We had a lot of fun a couple of months back doing Covers of the Week #12, where we posted images of when romance covers by talented artists go hilariously bad. So we’re doing it again!
As always, if you’d like to see more cover art, head over to our COVERS section, where you can view pages for individual COVER ARTISTS or take a gander at past Covers of the Week. If you want even more information about romance book covers, check out our COVER LINKS PAGE.
For the week of Monday, October 4 to Sunday, October 10, 2021 (which happens to be my birthday week), enjoy these silly or awful-looking covers that make us smile.
#1 – Pino Daeni was a master artist. He was also prolific, producing 3,000 romance covers in a span of 20 years. Sometimes he had to work quickly. So it’s understandable that some of his works might fall short of his best. Bandit’s Brazen Kiss is actually a pretty cover until you realize this isn’t a paranormal romance, and the hero isn’t a centaur. We know he has to have legs to ride a horse, but where are they? Is he just a torso with arms and a head? We want to know! (Bandit’s Brazen Kiss, Kay McMahon, Zebra, 1990, Pino cover art)
#2 – WARNING: Some things are just not funny and not cool to joke about. But comedians Anthony Jeselnik, the late, great Norm MacDonald, and I would disagree. When it’s make-believe, it’s ok to laugh. This cover has had me in stitches for years. First, the title, The Bedroom Incident. Then the “Do Not Disturb” placard under the image. And finally, the image itself. I know that’s an adult female model, but the way she’s positioned and drawn makes her appear younger. A lot younger. Combined with the issues mentioned earlier, we think someone’s going to jail! (The Bedroom Incident, Elizabeth Oldfield, Harlequin, 1998, cover artist unknown)
#3 – Some women love getting their hair stroked as foreplay. The hero takes hair play a bit too far on the cover of Dark of the Moon, as he’s yanking a clump of hair quite forcefully. The heroine’s wincing expression shows she’s not as into it as he is. (By the way, do any fans of the soap “Days of our Lives” think the hero looks exactly like a young Drake Hogestyn who played Roman/Jack Black? Or is it just me?) (Dark of the Moon, Karen Robards, Avon, 1988, cover artist TBD)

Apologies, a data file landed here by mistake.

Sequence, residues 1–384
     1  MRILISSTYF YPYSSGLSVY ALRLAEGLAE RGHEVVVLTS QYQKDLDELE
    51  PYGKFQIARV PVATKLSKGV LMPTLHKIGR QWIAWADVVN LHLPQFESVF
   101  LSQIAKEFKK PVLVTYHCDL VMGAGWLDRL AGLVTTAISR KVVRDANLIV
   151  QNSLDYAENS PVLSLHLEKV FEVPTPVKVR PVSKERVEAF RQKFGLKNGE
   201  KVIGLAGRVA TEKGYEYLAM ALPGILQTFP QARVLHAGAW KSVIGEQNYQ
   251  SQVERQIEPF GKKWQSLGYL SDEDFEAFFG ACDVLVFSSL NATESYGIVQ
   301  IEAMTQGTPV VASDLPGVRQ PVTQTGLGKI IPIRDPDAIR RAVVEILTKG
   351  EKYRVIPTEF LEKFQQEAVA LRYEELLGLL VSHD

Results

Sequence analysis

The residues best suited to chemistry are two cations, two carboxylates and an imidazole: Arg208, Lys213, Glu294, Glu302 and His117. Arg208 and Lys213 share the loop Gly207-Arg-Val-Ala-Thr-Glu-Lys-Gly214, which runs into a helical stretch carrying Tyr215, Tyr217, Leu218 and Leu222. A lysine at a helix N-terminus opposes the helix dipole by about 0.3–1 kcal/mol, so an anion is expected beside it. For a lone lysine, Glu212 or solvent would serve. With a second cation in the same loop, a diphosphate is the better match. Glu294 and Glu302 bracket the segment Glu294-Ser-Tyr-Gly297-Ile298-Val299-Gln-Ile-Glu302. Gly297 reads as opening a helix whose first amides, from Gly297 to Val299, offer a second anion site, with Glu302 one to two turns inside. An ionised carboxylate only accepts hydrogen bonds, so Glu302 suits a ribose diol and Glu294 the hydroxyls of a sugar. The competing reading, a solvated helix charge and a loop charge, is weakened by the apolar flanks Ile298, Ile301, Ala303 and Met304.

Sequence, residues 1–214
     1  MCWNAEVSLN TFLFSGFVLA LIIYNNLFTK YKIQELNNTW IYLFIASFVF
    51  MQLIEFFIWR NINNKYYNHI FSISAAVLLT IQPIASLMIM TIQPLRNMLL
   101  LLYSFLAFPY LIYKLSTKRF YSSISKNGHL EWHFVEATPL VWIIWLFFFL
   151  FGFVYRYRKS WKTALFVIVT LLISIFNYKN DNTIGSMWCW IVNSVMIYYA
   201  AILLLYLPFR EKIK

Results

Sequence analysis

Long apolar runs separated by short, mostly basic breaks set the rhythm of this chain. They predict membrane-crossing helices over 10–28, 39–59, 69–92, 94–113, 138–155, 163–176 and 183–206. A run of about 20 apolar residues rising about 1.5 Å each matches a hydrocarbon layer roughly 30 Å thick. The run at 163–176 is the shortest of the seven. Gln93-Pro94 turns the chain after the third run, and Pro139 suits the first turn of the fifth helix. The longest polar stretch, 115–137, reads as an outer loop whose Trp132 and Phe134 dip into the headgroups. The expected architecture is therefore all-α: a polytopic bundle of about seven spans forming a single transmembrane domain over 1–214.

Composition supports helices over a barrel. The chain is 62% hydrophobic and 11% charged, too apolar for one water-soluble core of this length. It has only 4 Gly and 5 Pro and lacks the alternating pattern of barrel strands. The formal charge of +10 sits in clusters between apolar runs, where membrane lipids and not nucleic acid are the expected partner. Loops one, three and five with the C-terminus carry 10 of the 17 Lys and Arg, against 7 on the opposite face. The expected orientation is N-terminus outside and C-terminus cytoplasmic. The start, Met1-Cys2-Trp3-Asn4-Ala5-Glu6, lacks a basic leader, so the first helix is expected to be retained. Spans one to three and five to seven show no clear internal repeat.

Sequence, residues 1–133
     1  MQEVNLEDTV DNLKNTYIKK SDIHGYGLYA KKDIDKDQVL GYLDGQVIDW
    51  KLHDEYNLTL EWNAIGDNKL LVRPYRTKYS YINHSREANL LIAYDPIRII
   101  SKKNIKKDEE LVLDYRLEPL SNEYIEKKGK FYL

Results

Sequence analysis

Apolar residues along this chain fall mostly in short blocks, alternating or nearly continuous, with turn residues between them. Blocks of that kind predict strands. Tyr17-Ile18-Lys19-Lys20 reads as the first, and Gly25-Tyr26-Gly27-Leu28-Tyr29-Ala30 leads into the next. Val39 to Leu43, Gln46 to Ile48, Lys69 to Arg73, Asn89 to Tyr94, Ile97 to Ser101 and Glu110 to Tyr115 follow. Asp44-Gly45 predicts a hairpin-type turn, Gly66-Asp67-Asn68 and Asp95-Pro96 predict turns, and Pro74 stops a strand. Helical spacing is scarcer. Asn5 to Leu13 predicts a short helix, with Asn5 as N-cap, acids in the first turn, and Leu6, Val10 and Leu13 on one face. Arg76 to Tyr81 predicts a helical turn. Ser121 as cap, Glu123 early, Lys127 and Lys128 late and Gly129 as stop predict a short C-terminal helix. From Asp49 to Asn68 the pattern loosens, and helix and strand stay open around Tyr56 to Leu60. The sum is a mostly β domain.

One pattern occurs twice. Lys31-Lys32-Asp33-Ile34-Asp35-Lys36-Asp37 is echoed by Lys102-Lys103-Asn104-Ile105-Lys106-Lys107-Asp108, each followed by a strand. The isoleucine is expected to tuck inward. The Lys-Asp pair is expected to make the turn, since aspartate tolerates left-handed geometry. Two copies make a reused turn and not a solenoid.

#4 – No, this isn’t a teen romance. The couple depicted on the cover is supposed to be composed of full-fledged adults. He’s a Duke, and she’s a governess. Those children on the cover look very out of place. The title Delicate Dilemma combined with the horse’s anxious expression doesn’t bode well, either. Lastly, just what is an “American Regency Romance”? As the book is set in the post-colonial USA, when James Madison was President, the Prince Regent of England never ruled the States. It would be akin to referring to some Egyptian Pyramids dating back to the Babylonian Empire. Technically accurate, but wrong, nevertheless. (Delicate Dilemma, Luanne Walden, Warner Books, 1987, cover artist unknown)
First, Happy Happy. I’ll DM you later.
On to the covers: I’m wondering if Pino was making a statement about Ms. McMahon’s heroes with “Bandit’s Brazen Kiss”, as Ms. McMahon’s heroes were frequently horses’ behinds. (I’ve read seven of her books and you’ve seen my reviews, so you know what I mean).
The female model in “The Bedroom Incident” does look awfully young.
The male model on the cover of Karen Robards’ “Dark of the Moon” does strongly resemble Drake Hogestyn, who played Roman Brady/John Black on “Days of Our Lives”. I used to be a major soap fan back in the day, but haven’t watched them in over 20 years.
This is purely speculation, but I would imagine the term “American Regency” might have to do with the idea of British Peers of the Realm coming to America, settling and marrying American-born women. I looked up the series and it is actually both highborn Englishmen AND women who fell in love with Americans.